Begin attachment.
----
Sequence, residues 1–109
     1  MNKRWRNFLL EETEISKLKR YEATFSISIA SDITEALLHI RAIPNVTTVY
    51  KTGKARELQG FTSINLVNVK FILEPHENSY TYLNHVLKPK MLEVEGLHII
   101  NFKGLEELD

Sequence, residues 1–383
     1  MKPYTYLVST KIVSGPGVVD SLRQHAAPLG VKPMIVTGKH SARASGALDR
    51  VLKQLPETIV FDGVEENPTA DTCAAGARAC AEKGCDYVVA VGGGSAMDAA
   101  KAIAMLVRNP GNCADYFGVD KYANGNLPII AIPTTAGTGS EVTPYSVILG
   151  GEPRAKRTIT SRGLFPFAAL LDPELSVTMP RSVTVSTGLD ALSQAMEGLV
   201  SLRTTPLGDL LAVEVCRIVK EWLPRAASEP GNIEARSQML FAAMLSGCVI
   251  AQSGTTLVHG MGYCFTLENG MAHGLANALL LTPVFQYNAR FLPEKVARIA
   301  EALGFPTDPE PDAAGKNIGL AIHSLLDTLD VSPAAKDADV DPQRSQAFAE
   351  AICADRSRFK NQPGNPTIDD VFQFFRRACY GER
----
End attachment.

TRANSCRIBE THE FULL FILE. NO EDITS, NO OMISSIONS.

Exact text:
Sequence, residues 1–109
     1  MNKRWRNFLL EETEISKLKR YEATFSISIA SDITEALLHI RAIPNVTTVY
    51  KTGKARELQG FTSINLVNVK FILEPHENSY TYLNHVLKPK MLEVEGLHII
   101  NFKGLEELD

Sequence, residues 1–383
     1  MKPYTYLVST KIVSGPGVVD SLRQHAAPLG VKPMIVTGKH SARASGALDR
    51  VLKQLPETIV FDGVEENPTA DTCAAGARAC AEKGCDYVVA VGGGSAMDAA
   101  KAIAMLVRNP GNCADYFGVD KYANGNLPII AIPTTAGTGS EVTPYSVILG
   151  GEPRAKRTIT SRGLFPFAAL LDPELSVTMP RSVTVSTGLD ALSQAMEGLV
   201  SLRTTPLGDL LAVEVCRIVK EWLPRAASEP GNIEARSQML FAAMLSGCVI
   251  AQSGTTLVHG MGYCFTLENG MAHGLANALL LTPVFQYNAR FLPEKVARIA
   301  EALGFPTDPE PDAAGKNIGL AIHSLLDTLD VSPAAKDADV DPQRSQAFAE
   351  AICADRSRFK NQPGNPTIDD VFQFFRRACY GER